Canada Geese Control for Catering Halls & Wedding Facilities in NJ
While the Canada goose population in New Jersey has long been considered a nuisance, nowhere is that more evident than near wedding halls and catering halls. The biggest concern that people have is in regard to health. Canada geese are sizeable birds and require up to three pounds of food daily to sustain themselves.
What that means is that they leave approximately two pounds of waste per goose on a daily basis. Multiply that by between fifty and 60 birds in each flock, and that’s a lot of waste. It can be a real deterrent to your business, especially one that’s food based.
Providing Canada Geese Control for Catering Facilities in New Jersey considers the joyousness of the occasion, and the need for a well-manicured and clean lawn. Your clients want to feel that they’re eating and celebrating in a clean and comfortable environment. Their photographs taken of the bride and groom as well as their guests reflect their memory of the wedding halls and catering halls where their event took place. You want it to be a fond memory.
Managing the Canada goose population requires training, skill, and certification.
Dogs that are specially trained in herding without harming the geese can scare them off your property. It’s a very humane way to handle the immediate problem. Another flock may come in, though, and take the place of the previous inhabitants. Regular maintenance is highly recommended.
As you look to the future, you may want to consider replacing the grasses that the geese feed on with other vegetation. Wildflowers and ivy are examples of plants that Canada geese won’t eat. If you provide less of an incentive for the birds to stay, they’ll move on to more lush pastures.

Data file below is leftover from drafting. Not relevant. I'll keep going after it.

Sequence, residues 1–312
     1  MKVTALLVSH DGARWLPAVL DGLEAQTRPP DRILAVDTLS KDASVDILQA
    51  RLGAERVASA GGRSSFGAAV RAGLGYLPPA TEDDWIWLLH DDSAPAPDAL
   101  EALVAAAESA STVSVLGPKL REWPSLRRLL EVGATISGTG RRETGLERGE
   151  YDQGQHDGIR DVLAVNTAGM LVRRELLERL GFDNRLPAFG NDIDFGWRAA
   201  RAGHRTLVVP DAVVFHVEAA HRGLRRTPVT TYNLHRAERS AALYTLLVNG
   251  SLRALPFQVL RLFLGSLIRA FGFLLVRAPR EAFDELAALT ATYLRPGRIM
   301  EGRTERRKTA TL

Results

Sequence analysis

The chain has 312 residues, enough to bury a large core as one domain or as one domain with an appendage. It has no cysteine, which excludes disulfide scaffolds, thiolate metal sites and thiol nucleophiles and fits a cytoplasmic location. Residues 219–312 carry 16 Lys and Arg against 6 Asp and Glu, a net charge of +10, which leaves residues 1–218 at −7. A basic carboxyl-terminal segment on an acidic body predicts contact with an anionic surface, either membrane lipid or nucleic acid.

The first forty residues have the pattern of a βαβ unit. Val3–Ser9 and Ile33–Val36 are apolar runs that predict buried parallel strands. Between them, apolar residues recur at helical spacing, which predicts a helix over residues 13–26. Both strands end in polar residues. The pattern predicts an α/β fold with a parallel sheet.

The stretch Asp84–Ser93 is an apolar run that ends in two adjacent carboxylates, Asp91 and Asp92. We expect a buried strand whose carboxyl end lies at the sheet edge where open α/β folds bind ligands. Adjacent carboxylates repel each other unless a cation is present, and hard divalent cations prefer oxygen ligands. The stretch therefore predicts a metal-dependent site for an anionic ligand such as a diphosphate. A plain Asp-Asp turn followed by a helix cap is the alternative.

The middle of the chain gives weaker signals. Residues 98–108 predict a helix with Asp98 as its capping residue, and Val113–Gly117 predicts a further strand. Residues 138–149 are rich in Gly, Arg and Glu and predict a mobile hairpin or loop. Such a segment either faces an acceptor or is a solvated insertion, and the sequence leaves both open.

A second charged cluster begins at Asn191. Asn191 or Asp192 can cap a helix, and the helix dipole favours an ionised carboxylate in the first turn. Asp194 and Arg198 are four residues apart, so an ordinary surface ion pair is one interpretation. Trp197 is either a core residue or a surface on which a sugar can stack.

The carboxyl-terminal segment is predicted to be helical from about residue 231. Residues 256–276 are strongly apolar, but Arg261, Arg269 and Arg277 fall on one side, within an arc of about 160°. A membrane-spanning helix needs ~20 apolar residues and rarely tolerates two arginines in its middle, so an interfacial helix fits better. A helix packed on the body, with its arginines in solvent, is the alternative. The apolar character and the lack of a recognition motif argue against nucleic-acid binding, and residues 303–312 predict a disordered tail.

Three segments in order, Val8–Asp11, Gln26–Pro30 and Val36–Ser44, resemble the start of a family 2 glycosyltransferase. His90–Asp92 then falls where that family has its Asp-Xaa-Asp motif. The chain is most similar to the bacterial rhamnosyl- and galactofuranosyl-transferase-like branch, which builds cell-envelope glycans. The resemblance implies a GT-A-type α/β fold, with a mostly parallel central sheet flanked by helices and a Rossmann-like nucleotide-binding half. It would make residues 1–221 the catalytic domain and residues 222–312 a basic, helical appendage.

When New Jersey’s Canada goose laying season begins in March, each female will produce a clutch of four to six eggs. Multiply that by hundreds, and you can see how the population has gotten so out of hand.
There are ways of managing the egg population that are humane and approved by both the Humane Society and the Center for Wildlife Management. They require special training and certification.
Canada Geese Egg Addling
Whichever method is chosen, it must be done at the very earliest stage of the egg’s development. Each technique will stop the embryo’s development. It is highly recommended by the Humane Society to work as part of a team to complete this task, as you will experience highly agitated and combative geese parents.
This is, without a doubt, the most demanding procedure. The technician must first determine the eggs’ approximate age. Once it’s determined to be within an acceptable age limit, each egg is vigorously shaken. This procedure may take up to twenty minutes before liquid can be heard swishing inside. This all takes place while fending off angry parent Canada geese.
Another process that requires specific training in recognizing stages of egg development is piercing. This method must only be done during the earliest period. Air and bacteria are allowed into the eggs’ interior when the shells are pierced. The bacteria destroy development.
Coating an egg with corn oil cuts off the oxygen supply. This procedure also requires training and certification, but it is a much less taxing alternative of the three.
The main point of addling is to humanely limit the number of geese reproduced each year without harming any of the existing flock. These methods allow the parents to believe that they still have eggs requiring their attention to the point where it’s too late to go elsewhere and lay more.